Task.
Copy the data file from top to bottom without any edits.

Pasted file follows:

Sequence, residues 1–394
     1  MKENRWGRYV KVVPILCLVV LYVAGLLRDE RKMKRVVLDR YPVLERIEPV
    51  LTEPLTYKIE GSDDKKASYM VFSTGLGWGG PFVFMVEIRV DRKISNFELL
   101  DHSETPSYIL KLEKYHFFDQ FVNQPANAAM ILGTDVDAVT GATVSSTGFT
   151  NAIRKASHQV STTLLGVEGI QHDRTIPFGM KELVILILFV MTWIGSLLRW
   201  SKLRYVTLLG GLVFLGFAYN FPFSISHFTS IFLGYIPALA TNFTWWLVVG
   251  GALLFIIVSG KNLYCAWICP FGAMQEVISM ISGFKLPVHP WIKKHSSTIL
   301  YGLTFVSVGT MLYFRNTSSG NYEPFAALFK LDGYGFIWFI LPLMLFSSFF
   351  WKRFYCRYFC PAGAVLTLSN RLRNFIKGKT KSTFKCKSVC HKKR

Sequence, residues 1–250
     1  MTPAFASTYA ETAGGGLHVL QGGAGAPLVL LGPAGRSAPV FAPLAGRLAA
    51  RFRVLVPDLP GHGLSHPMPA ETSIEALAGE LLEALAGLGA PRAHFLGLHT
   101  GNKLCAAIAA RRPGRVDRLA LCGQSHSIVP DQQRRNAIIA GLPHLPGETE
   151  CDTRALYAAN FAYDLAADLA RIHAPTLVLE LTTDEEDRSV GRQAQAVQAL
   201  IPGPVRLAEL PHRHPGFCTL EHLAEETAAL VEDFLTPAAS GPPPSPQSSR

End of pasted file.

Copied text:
Sequence, residues 1–394
     1  MKENRWGRYV KVVPILCLVV LYVAGLLRDE RKMKRVVLDR YPVLERIEPV
    51  LTEPLTYKIE GSDDKKASYM VFSTGLGWGG PFVFMVEIRV DRKISNFELL
   101  DHSETPSYIL KLEKYHFFDQ FVNQPANAAM ILGTDVDAVT GATVSSTGFT
   151  NAIRKASHQV STTLLGVEGI QHDRTIPFGM KELVILILFV MTWIGSLLRW
   201  SKLRYVTLLG GLVFLGFAYN FPFSISHFTS IFLGYIPALA TNFTWWLVVG
   251  GALLFIIVSG KNLYCAWICP FGAMQEVISM ISGFKLPVHP WIKKHSSTIL
   301  YGLTFVSVGT MLYFRNTSSG NYEPFAALFK LDGYGFIWFI LPLMLFSSFF
   351  WKRFYCRYFC PAGAVLTLSN RLRNFIKGKT KSTFKCKSVC HKKR

Sequence, residues 1–250
     1  MTPAFASTYA ETAGGGLHVL QGGAGAPLVL LGPAGRSAPV FAPLAGRLAA
    51  RFRVLVPDLP GHGLSHPMPA ETSIEALAGE LLEALAGLGA PRAHFLGLHT
   101  GNKLCAAIAA RRPGRVDRLA LCGQSHSIVP DQQRRNAIIA GLPHLPGETE
   151  CDTRALYAAN FAYDLAADLA RIHAPTLVLE LTTDEEDRSV GRQAQAVQAL
   201  IPGPVRLAEL PHRHPGFCTL EHLAEETAAL VEDFLTPAAS GPPPSPQSSR